Is there any difference between "you are going to love it " and "you gonna love it"?


2 Answers 2


You're gonna get yourself in trouble

To head off suggestions that these words are more than synonymous, but identical, let me cite the OED [paywalled] here:

gonna, v.

Pronunciation: Brit. /ɡənə/, /ˈɡɒnə/, U.S. /ɡənə/, /ˈɡɔnə/, /ˈɡɑnə/
Forms: regional and colloq. (orig. U.S. regional), gona, gonna; Eng. regional...
Frequency (in current use): *****--- (5/8)
Origin: A̲ ̲v̲a̲r̲i̲a̲n̲t̲ ̲o̲r̲ ̲a̲l̲t̲e̲r̲a̲t̲i̲o̲n̲ ̲o̲f̲ ̲a̲n̲o̲t̲h̲e̲r̲ ̲l̲e̲x̲i̲c̲a̲l̲ ̲i̲t̲e̲m̲. Etymon: English going to.
Etymology: Representing a regional and colloquial pronunciation of going to (see go v.), with reduction of the unstressed vowel and assimilatory loss of the initial consonant of the second element.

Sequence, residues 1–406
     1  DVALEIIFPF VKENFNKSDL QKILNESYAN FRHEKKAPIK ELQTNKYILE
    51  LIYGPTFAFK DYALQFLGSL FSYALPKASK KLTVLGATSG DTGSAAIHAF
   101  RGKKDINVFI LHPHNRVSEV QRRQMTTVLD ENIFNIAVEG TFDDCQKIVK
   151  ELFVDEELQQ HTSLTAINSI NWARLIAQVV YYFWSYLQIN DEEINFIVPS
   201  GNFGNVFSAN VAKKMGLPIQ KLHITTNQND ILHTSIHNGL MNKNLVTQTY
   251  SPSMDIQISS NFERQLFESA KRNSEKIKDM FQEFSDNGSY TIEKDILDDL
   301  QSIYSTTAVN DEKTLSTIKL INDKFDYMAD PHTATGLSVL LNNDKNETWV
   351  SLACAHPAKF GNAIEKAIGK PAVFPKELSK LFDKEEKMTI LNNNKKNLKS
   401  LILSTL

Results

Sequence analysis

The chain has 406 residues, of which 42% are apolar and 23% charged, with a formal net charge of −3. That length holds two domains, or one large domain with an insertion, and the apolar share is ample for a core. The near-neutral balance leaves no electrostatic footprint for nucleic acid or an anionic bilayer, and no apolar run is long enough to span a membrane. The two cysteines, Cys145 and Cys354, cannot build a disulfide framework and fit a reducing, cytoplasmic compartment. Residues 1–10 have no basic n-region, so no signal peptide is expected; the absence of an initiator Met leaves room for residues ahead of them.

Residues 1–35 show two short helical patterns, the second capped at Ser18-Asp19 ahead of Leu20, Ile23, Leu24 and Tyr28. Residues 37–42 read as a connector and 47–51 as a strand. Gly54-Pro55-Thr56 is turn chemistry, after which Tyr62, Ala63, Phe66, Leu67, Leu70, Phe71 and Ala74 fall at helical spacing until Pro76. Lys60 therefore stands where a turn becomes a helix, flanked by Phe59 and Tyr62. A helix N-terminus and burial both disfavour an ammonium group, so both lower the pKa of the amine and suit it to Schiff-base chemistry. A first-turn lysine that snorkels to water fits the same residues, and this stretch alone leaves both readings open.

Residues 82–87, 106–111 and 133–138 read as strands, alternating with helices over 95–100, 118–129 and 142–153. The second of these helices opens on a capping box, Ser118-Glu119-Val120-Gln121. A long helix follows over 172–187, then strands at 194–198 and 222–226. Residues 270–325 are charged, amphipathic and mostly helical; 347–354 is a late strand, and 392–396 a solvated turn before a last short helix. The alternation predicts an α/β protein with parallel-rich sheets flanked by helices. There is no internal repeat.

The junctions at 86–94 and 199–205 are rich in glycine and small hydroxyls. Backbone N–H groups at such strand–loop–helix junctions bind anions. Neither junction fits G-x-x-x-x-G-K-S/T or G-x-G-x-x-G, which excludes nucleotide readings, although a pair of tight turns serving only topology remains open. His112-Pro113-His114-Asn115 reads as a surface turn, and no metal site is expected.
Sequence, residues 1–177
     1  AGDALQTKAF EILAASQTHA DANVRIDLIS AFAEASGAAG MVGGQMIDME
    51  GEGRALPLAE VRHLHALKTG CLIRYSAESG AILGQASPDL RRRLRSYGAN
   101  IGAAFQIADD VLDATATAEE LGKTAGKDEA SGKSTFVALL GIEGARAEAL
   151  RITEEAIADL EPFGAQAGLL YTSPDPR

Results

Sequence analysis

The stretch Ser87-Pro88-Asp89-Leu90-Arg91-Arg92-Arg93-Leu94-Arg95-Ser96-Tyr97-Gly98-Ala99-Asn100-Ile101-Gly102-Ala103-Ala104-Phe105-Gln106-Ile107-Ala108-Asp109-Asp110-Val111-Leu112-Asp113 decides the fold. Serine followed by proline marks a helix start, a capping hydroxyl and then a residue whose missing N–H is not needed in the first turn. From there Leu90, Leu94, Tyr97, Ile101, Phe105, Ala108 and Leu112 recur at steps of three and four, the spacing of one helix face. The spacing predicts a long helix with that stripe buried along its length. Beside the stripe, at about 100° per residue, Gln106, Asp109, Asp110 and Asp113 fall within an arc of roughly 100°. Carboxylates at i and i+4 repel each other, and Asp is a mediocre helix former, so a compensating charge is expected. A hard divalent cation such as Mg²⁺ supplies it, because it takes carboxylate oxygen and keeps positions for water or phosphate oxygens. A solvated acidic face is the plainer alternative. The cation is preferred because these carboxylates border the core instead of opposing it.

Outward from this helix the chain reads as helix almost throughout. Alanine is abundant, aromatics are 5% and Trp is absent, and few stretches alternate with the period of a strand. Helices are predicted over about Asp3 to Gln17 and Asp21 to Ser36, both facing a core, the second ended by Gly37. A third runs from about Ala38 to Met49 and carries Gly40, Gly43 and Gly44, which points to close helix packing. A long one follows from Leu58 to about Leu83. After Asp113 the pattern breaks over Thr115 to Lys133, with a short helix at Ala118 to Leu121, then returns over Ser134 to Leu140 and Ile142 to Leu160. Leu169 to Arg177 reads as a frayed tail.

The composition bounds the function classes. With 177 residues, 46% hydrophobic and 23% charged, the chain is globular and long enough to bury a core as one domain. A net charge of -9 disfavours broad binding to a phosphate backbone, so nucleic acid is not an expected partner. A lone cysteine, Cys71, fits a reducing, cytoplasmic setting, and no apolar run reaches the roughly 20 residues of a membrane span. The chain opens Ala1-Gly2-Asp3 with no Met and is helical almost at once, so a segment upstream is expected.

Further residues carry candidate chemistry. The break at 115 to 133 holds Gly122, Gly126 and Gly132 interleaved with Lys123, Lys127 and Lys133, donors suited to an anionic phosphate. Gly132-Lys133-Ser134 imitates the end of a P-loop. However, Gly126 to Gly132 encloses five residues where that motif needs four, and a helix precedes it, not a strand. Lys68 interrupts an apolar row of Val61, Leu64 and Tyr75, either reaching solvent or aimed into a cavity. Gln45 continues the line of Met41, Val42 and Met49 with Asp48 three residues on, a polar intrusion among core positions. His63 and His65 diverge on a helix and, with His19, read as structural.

1. With auxiliary be: going to (see go v. 51a(a)).

  2. As a simple modal auxiliary, followed by the bare infinitive.
    a. Used to express a plan or intention, or to make a prediction. (a) Am (or is, etc.) going to (see go v. 51a(b)).

... [more definitions follow]

So going to and gonna are two separate words (well, lexemes) used in different circumstances.

Broadly, one writes "going to" but one says "gonna" (not always, but frequently).

Spoken vs Written language

Thanks to @tchrist in the comments, here is an analysis from our resident linguist, Prof. John Lawler, where he posted a message to the alt.usage.english Usenet group:

Yup. "gonna" is an accepted "eye dialect" spelling for the most common American pronunciation of the "(be) going (to)" future construction, as in "I'm gonna kick some butt".